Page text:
Approaches to Assess the Histopathological Growth Pattern Prior to Resection

In order to achieve clinical benefit from the knowledge about the HGP and thus the biology of the CRCLM, it is paramount to find a reliable clinically available method to identify different HGP.

As Latacz et al. elaborated, several analyses have paved the way for medical imaging based in HGP assessment (Latacz et al., 2020b). Already two decades ago, the association of the thickness of the peritumoral border around LM was associated with enhanced perilesional gadolinium-uptake in magnetic resonance imaging (Semelka et al., 2000). However, limitations of this study include a small number of patients and varying primary tumors (Semelka et al., 2000).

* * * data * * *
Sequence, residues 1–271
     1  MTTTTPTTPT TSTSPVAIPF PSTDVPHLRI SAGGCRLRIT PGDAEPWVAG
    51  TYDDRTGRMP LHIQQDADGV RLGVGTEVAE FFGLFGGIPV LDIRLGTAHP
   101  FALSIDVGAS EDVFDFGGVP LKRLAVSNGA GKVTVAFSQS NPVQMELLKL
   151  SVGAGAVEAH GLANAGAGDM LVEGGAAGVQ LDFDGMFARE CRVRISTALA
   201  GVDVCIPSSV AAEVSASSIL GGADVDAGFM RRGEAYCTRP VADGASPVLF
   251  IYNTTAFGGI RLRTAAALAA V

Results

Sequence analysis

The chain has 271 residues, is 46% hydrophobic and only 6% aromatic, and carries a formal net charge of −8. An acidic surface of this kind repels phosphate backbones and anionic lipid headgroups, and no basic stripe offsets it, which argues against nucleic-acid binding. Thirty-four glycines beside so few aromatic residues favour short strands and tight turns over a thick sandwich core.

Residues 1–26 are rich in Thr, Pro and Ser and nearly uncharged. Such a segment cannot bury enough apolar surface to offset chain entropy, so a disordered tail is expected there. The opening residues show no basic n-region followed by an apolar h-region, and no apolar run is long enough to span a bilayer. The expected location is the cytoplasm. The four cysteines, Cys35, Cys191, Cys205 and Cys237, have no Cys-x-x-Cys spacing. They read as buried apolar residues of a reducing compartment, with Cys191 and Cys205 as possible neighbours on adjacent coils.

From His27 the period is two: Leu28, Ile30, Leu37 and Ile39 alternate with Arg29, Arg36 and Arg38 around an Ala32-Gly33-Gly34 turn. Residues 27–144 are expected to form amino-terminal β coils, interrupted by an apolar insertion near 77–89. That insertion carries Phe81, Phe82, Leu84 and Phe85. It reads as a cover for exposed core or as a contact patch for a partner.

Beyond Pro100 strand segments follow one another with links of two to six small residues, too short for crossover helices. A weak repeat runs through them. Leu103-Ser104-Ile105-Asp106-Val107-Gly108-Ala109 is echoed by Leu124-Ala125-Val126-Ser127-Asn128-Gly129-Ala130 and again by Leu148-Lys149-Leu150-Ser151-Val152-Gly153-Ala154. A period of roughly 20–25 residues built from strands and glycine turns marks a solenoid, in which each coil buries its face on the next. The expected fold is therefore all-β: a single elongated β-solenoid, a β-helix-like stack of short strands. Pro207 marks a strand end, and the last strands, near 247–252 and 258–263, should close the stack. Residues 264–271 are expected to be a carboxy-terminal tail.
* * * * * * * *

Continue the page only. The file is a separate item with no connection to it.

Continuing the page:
In a retrospective study, the pre-operative identification of the predominant HGP of CRCLM was successfully performed by using a radiomics model, based on contrast-enhanced multidetector computer tomography (Cheng et al., 2019). Interestingly, an enhancement of the tumors rim was significantly stronger associated with the presence of a predominantly desmoplastic HGP (Cheng et al., 2019). Additionally, to the detection of the HGP in CRCLM (Cheng et al., 2019), also the response to treatment can be deduced from imaging (Chun et al., 2009). In a cohort of patients with CRCLM, who underwent a pre-treatment with bevacizumab and chemotherapy, a clear association of the morphological response in contrast-enhanced computer tomography scans with the pathological response to the treatment has been identified (Chun et al., 2009). The morphological response was assessed by rim enhancement, overall attenuation, and characteristics of the tumor liver interface (Chun et al., 2009). Recently, Han et al. (2020) showed that also a magnetic resonance based radiomics model is able to predict the predominant HGP in CRCLM. Especially radiomics of the tumor-liver-interface, combined with clinical characteristics provide a high diagnostic accuracy (Han et al., 2020). Thus, these findings indicate the possibility to deduce the pathological response of CRCLM from a non-invasive imaging method.